Headphones are a device that best reflects the modern human condition. Modern wireless headphones, AirPods, and earbuds let you to link to a global community of sounds while at the same time giving you the ability to separate yourself from everyone you see. They let you listen to music or watch Netflix or stay in tune to the news from anywhere. It’s pretty awesome! But the way we generally use them can also be a health hazard.
At least, as far as your hearing health is concerned. And the World Health Organization confirms this also. Headphones are everywhere so this is very troubling.
Some Risks With Earbuds or Headphones
Frances loves Lizzo. And so she listens to Lizzo a lot. Because Frances loves Lizzo so much, she also turns the volume way up (most people love to jam out to their favorite music at full volume). She’s a respectful person, though, so Frances uses high-quality headphones to enjoy her tunes.
This is a pretty normal use of headphones. Certainly, there are lots of other purposes and places you could use them, but the basic purpose is the same.
We use headphones because we want a private listening experience (so we are able to listen to whatever we want) and also so we’re not bothering the people around us (usually). But that’s where the hazard lies: our ears are exposed to an intense and extended amount of noise. Hearing loss can be the consequence of the injury caused by this extended exposure. And a wide assortment of other health issues have been associated with hearing loss.
Keep Your Hearing Safe
Healthcare professionals consider hearing health to be a vital element of your general well-being. And that’s the reason why headphones pose something of a health hazard, especially since they tend to be everywhere (headphones are rather easy to get your hands on).
The question is, then, what can be done about it? Researchers have offered numerous tangible steps we can all take to help make headphones a little safer:
- Listen to volume warnings: It’s likely that you listen to your music on your mobile device, and most mobile devices have built-in warnings when you start cranking up the volume a bit too much. It’s extremely important for your ear health to adhere to these warnings as much as you can.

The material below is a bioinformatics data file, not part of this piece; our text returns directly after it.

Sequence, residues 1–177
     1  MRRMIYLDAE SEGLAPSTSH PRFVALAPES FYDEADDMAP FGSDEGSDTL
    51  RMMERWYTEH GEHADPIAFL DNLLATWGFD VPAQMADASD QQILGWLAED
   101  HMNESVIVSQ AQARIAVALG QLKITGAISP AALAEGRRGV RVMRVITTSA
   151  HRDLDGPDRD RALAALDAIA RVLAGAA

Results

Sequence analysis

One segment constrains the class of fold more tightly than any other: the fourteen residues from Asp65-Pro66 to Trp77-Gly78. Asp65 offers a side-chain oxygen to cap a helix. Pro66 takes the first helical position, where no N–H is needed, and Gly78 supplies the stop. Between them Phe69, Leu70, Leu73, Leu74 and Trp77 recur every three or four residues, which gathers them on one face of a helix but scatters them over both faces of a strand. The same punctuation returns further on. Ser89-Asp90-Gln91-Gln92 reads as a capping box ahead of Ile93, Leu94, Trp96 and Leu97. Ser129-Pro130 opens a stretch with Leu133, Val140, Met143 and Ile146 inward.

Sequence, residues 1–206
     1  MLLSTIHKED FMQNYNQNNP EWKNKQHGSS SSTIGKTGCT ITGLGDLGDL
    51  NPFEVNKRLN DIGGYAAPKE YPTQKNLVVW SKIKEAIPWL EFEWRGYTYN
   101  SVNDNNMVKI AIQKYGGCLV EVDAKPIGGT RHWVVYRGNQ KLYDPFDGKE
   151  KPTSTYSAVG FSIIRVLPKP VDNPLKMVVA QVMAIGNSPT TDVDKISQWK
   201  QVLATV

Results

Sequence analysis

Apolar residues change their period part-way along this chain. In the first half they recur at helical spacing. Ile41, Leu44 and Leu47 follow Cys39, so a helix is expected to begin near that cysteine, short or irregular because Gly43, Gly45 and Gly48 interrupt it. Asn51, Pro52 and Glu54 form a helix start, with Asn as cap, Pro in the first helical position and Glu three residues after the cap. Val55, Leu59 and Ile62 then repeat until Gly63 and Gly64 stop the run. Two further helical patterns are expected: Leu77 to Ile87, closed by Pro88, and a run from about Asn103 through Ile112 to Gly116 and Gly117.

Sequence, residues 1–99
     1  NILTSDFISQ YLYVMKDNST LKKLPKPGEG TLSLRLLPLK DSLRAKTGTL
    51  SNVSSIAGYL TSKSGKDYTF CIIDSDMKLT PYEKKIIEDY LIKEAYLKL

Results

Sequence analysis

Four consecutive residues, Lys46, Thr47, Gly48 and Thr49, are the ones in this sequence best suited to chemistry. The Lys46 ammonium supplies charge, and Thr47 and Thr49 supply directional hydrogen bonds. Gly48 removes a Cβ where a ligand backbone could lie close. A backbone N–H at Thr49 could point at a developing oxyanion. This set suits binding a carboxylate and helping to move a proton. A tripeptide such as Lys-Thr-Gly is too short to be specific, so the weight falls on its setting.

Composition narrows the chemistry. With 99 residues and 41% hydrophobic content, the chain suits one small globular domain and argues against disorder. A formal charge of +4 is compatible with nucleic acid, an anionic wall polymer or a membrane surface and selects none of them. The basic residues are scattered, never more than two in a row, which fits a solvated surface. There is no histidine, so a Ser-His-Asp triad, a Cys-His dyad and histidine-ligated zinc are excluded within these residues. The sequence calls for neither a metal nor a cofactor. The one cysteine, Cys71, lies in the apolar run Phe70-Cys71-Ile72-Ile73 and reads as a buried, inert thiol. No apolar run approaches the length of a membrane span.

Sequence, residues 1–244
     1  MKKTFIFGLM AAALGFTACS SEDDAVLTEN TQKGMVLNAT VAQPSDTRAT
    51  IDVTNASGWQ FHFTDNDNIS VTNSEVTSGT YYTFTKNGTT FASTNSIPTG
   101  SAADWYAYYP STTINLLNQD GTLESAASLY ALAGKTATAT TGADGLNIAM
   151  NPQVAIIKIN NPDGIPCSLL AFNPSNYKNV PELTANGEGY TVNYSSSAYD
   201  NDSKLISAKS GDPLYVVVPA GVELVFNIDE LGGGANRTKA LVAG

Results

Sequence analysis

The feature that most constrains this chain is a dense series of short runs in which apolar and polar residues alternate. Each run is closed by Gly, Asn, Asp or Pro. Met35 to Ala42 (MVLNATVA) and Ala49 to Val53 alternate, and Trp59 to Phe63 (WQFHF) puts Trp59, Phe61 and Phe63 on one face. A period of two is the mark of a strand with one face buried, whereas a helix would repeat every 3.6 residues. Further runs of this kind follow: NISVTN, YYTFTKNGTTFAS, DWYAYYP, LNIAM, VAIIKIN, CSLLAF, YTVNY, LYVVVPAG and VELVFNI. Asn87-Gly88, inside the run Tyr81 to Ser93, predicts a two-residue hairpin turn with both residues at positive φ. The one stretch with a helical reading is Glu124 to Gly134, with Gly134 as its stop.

- Take breaks: It’s tough not to pump up the volume when you’re listening to your favorite tunes. That’s easy to understand. But you should take a bit of time to let your hearing to recover. So every now and then, give yourself at least a five minute break. The idea is to give your ears some time with lower volumes every day. By the same token, monitoring (and restricting) your headphone-wearing time will help keep moderate volumes from damaging your ears.
- Turn down the volume: The World Health Organization suggests that your headphones not go over a volume of 85dB (to put it in context, the volume of a normal conversation is about 60dB). Most mobile devices, unfortunately, don’t have a dB volume meter standard. Determine the max volume of your headphones or keep the volume at half or less.
- Age restrictions: Headphones are being worn by younger and younger people these days. And it might be smarter if we reduce that a bit, limiting the amount of time younger children spend using headphones. Hearing loss won’t develop as soon if you can prevent some damage when you’re younger.
If you’re at all worried about your ear health, you may want to reduce the amount of time you spend using your headphones altogether.
I Don’t Really Need to be Concerned About my Hearing, Right?
When you’re younger, it’s easy to consider damage to your ears as trivial (which you shouldn’t do, you only get one pair of ears). But your hearing can have a huge impact on numerous other health factors, including your general mental health. Untreated hearing loss has been connected to increases in the risk for problems like depression and dementia.
So your general wellness is forever connected to the health of your ears. Whether you’re listening to a podcast or your favorite music, your headphone might become a health risk. So do yourself a favor and turn the volume down, just a bit.